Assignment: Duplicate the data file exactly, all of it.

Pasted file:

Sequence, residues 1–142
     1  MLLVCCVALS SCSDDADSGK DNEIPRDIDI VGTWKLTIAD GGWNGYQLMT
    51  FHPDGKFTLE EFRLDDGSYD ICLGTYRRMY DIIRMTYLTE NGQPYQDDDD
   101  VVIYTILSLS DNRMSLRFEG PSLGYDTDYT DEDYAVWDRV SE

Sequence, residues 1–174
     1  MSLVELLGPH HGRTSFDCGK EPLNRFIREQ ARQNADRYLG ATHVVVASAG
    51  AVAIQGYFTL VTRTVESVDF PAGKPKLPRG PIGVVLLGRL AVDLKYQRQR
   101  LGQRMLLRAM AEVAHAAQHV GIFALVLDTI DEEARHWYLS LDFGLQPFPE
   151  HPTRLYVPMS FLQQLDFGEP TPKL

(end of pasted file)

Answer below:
Sequence, residues 1–142
     1  MLLVCCVALS SCSDDADSGK DNEIPRDIDI VGTWKLTIAD GGWNGYQLMT
    51  FHPDGKFTLE EFRLDDGSYD ICLGTYRRMY DIIRMTYLTE NGQPYQDDDD
   101  VVIYTILSLS DNRMSLRFEG PSLGYDTDYT DEDYAVWDRV SE

Sequence, residues 1–174
     1  MSLVELLGPH HGRTSFDCGK EPLNRFIREQ ARQNADRYLG ATHVVVASAG
    51  AVAIQGYFTL VTRTVESVDF PAGKPKLPRG PIGVVLLGRL AVDLKYQRQR
   101  LGQRMLLRAM AEVAHAAQHV GIFALVLDTI DEEARHWYLS LDFGLQPFPE
   151  HPTRLYVPMS FLQQLDFGEP TPKL